Client software dials in to the system and listens for incoming calls directed at it. The user can accept the incoming calls in order to exchange messages. Or the user can dial another user to enter into a message exchange.

Vuvezela source code is available here. Lazar says the system has two major components that need implementation: a public key infrastructure for the encryption and a content delivery network for dialing the dead drops. “To make dialing practical, Vuvuzela should use a CDN or BitTorrent to distribute the dialing dead drops,” he says because he dialing protocol eats up a lot of server bandwidth.

Join the CSO newsletter!

Error: Please check your email address.

More about MIT

Show Comments

Featured Whitepapers

Editor's Recommendations

Solution Centres

Stories by Tim Greene

Latest Videos

  • 150x50

    CSO Webinar: The Human Factor - Your people are your biggest security weakness

    ​Speakers: David Lacey, Researcher and former CISO Royal Mail David Turner - Global Risk Management Expert Mark Guntrip - Group Manager, Email Protection, Proofpoint

    Play Video

  • 150x50

    CSO Webinar: Current ransomware defences are failing – but machine learning can drive a more proactive solution

    Speakers • Ty Miller, Director, Threat Intelligence • Mark Gregory, Leader, Network Engineering Research Group, RMIT • Jeff Lanza, Retired FBI Agent (USA) • Andy Solterbeck, VP Asia Pacific, Cylance • David Braue, CSO MC/Moderator What to expect: ​Hear from industry experts on the local and global ransomware threat landscape. Explore a new approach to dealing with ransomware using machine-learning techniques and by thinking about the problem in a fundamentally different way. Apply techniques for gathering insight into ransomware behaviour and find out what elements must go into a truly effective ransomware defence. Get a first-hand look at how ransomware actually works in practice, and how machine-learning techniques can pick up on its activities long before your employees do.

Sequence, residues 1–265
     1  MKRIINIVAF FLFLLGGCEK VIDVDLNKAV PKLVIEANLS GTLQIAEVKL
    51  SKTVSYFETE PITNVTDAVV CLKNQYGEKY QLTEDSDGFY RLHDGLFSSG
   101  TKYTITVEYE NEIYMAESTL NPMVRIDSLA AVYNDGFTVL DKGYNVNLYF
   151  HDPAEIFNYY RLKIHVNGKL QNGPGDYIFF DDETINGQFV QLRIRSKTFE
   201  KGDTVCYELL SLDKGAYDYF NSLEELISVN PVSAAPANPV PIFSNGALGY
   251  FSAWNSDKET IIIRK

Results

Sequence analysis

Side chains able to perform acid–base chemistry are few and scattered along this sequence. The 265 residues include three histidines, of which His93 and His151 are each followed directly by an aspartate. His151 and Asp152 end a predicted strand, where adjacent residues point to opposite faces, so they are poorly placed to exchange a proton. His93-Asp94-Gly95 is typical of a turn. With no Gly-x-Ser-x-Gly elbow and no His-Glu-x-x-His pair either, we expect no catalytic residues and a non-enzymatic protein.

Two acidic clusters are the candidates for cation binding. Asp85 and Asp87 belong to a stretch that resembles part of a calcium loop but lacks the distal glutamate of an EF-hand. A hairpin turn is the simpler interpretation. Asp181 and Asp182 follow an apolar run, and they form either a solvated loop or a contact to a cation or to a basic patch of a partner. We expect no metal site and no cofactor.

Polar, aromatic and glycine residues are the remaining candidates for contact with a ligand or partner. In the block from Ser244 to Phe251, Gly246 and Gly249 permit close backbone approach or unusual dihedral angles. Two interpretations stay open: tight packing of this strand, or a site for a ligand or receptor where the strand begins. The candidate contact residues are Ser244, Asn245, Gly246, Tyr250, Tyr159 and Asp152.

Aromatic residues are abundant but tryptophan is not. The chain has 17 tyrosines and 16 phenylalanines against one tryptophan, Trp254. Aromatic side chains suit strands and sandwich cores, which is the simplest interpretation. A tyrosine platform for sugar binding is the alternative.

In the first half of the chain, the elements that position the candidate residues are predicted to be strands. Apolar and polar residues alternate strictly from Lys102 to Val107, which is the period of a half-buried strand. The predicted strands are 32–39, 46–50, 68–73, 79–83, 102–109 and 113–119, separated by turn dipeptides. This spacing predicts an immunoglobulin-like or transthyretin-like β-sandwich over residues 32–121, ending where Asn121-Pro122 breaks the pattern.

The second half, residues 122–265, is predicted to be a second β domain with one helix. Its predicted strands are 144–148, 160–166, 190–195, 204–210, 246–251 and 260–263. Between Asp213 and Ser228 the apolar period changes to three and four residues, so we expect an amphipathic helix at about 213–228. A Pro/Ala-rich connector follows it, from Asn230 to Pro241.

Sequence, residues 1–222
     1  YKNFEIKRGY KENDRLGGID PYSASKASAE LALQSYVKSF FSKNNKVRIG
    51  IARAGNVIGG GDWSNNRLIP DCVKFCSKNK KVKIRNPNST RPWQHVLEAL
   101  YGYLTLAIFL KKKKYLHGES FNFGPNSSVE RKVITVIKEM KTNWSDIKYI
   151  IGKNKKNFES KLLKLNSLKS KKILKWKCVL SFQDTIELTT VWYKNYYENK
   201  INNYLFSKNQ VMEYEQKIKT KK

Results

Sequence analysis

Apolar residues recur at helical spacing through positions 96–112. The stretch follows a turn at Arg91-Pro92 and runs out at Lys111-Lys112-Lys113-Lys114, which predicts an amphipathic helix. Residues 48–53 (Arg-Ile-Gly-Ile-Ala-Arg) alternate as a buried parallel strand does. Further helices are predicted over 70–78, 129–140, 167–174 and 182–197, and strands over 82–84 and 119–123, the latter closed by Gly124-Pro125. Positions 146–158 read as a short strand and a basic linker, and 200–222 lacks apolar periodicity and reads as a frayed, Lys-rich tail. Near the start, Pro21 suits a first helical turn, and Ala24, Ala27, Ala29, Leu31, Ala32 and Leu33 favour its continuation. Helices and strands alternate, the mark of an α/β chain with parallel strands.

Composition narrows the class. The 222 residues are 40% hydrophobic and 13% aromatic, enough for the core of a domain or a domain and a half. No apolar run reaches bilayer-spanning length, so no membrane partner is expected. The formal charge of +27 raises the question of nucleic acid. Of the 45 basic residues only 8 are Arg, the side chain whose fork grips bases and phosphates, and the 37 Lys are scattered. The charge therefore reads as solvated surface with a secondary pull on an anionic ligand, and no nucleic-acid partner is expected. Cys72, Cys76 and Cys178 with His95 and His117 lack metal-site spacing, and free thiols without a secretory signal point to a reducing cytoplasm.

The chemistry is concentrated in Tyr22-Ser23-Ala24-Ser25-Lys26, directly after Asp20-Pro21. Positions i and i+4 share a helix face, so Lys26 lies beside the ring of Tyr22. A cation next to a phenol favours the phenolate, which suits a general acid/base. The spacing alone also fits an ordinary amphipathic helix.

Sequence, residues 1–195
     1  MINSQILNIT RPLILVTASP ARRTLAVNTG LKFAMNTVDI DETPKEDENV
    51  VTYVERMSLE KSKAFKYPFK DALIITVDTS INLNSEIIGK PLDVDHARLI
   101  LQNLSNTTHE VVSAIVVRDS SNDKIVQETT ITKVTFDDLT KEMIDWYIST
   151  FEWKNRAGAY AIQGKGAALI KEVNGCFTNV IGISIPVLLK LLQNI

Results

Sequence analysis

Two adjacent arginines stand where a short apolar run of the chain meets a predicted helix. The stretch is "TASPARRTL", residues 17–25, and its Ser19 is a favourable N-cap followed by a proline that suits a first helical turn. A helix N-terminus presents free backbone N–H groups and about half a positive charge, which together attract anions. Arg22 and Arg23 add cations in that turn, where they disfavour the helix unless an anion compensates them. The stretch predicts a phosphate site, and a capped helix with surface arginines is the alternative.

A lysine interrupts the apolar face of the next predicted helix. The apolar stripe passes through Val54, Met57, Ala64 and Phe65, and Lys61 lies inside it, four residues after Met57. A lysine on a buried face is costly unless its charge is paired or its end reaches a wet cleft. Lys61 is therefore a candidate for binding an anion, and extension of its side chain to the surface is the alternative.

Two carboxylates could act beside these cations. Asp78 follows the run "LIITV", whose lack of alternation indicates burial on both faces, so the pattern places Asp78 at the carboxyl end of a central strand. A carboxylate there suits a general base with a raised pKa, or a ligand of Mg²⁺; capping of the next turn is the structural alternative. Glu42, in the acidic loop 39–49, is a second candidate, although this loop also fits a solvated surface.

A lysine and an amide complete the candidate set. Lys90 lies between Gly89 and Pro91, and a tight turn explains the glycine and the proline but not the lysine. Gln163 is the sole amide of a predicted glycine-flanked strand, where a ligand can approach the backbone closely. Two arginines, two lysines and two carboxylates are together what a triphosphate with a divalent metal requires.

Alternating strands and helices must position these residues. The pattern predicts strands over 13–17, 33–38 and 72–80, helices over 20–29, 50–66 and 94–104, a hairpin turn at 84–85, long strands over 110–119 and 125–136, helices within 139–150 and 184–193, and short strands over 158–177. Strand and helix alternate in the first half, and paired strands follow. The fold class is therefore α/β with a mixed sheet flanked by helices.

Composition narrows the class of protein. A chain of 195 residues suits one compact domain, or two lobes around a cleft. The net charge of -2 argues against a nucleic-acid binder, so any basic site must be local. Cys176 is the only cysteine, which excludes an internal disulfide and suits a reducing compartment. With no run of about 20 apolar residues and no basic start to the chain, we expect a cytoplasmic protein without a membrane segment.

Play Video

  • 150x50

    CSO Webinar: Get real about metadata to avoid a false sense of security

    Speakers: • Anthony Caruana – CSO MC and moderator • Ian Farquhar, Worldwide Virtual Security Team Lead, Gigamon • John Lindsay, Former CTO, iiNet • Skeeve Stevens, Futurist, Future Sumo • David Vaile - Vice chair of APF, Co-Convenor of the Cyberspace Law And Policy Community, UNSW Law Faculty This webinar covers: - A 101 on metadata - what it is and how to use it - Insight into a typical attack, what happens and what we would find when looking into the metadata - How to collect metadata, use this to detect attacks and get greater insight into how you can use this to protect your organisation - Learn how much raw data and metadata to retain and how long for - Get a reality check on how you're using your metadata and if this is enough to secure your organisation

    Play Video

  • 150x50

    CSO Webinar: How banking trojans work and how you can stop them

    CSO Webinar: How banking trojans work and how you can stop them Featuring: • John Baird, Director of Global Technology Production, Deutsche Bank • Samantha Macleod, GM Cyber Security, ME Bank • Sherrod DeGrippo, Director of Emerging Threats, Proofpoint (USA)

    Play Video

  • 150x50

    IDG Live Webinar:The right collaboration strategy will help your business take flight

    Speakers - Mike Harris, Engineering Services Manager, Jetstar - Christopher Johnson, IT Director APAC, 20th Century Fox - Brent Maxwell, Director of Information Systems, THE ICONIC - IDG MC/Moderator Anthony Caruana

    Play Video

More videos

Blog Posts